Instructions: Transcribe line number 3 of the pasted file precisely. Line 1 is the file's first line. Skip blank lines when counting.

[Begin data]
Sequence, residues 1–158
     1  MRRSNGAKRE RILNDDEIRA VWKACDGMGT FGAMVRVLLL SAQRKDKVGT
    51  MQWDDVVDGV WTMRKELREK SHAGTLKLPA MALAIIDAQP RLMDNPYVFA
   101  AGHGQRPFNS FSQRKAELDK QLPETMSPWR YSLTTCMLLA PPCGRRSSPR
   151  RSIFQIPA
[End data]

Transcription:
    51  MQWDDVVDGV WTMRKELREK SHAGTLKLPA MALAIIDAQP RLMDNPYVFA